The means of production

If you are living in the 21st century then you know what’s shifting in our economy is the death of the industrial age and that is at the heart, and center of what all this new normal, the new work model, and the accidental entrepreneur  is all about.

To try to explain this to you,  let’s take a look at Adam Smith and Karl Marx who both lived around the same time and saw the same device, which was a pin making machine.

Now the notion of the pin making machine was that before the pin making machine it took a trained pin maker  a day to make 5 or 6 pins. (Yes, like the pins in your polo shirt) Which took years of apprenticing first before that got that good, but after the pin making machine seven individuals off the street with 10 minutes of training could make 10,000 pins a day. Now that’s pretty incredible to go from 5 or 6 pins a day to 10,000 pins in one day.

Well Adam Smith and Karl Marx looked at this and Karl Marx said, “We are in big trouble workers because clearly all of the benefit would go to who owns the means of production. If you own the machine, you win! We are going to lose so we  need to unite.”

Adam Smith looked at this and said, “Quick go buy a pin making machine”. And they were both right and for 150-250 years if you bought a pin making machine, if you owned the means of production, you won.

Another example: In 2010 there was an coal mine incident in West Virginia where the company had to pay around $209 million dollars in fines for unsafe working conditions. The fact that they can afford to pay around $209 million dollars in fines tells us about the value of owning the means of production. The fact that no executives died mining coal tells us about the value of owning the means of production. No coal miner wakes up in the morning and say’s I think I’m going to start myself a coal mine.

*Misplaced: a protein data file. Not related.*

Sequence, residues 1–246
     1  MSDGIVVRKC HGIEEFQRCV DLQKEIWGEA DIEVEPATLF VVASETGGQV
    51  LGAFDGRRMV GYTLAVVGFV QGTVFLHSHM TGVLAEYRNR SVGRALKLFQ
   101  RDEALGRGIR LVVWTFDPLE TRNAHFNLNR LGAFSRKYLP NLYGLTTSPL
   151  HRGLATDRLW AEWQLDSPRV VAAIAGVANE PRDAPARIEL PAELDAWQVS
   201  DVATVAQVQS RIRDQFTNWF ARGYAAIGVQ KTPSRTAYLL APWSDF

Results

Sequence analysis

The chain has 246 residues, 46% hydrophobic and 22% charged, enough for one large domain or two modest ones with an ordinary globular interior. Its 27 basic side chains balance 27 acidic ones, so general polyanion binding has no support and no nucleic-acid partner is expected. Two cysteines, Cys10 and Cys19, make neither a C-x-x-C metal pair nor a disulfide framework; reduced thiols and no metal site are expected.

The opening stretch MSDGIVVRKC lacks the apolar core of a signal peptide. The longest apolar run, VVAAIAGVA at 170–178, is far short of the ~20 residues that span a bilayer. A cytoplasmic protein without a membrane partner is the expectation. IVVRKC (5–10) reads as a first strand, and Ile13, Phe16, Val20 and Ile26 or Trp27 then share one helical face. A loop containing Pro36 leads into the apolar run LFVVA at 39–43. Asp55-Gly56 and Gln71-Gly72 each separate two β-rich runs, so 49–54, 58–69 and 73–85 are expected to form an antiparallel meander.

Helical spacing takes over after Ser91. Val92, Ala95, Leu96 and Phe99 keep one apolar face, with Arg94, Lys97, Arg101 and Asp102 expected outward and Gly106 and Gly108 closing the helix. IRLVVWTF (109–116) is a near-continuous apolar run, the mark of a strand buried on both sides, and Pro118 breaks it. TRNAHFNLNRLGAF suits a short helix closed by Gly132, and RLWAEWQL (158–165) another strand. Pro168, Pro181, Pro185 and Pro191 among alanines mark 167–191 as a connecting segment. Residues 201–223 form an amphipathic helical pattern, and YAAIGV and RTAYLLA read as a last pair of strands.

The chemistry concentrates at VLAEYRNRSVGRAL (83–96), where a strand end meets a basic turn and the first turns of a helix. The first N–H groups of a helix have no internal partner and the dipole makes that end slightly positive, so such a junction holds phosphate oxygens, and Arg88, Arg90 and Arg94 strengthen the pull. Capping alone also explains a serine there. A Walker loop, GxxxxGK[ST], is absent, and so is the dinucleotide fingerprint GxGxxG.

So this notion of owning the means of production was built into our economy a long time ago.

Now why is it relevant?

It’s relevant and important because the means of production has changed. It’s gone from:

  • Do you have a building? to
  • Do you have an assembly line? to
  • Do you have a laptop?

Because if you have a laptop then you’re in the connected economy, and if you’re in the connected economy, you have access to the very same tools that every other big company has, you have access to the very same markets that every other big company has, you have access to the same resources that big companies have.

10 thoughts on “The means of production

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  • The little difference is that the big company has the money to hire 100’s of people who are probably smarter and more experienced at whatever you plan to do with that laptop. So yeah… nowadays the system might be a little more meritocratic, (and that’s great!) but in my opinion not really much easier for the common guy to own the means of production . The individual behind that laptop still needs to be damn good at whatever he does in order to have even the slightest chance to compete with the big company that enslaves him.

  • Thanks for your comment, this may surprise you but in the big companies that are can hire 100 people who are based off the industrial age, their perfect business model is to hire people with the lowest possible level of skill. Yes I said lowest possible level of skill. Because if your model depends on highly skilled people (as you mention above) it’s going to be impossible to replicate. Such people are at a premium in the market place.

    The other thing is this:Yes, there are many exceptions, especially for those you that bring either service , price, or reliability along with an existing idea. Remember, you don’t need to reinvent the wheel to have a successful business. Just do something 10% BETTER or provide ADDED VALUE. And there are certainly businesses that profit from taking over after the innovator, exhausted, gives up and moves on.

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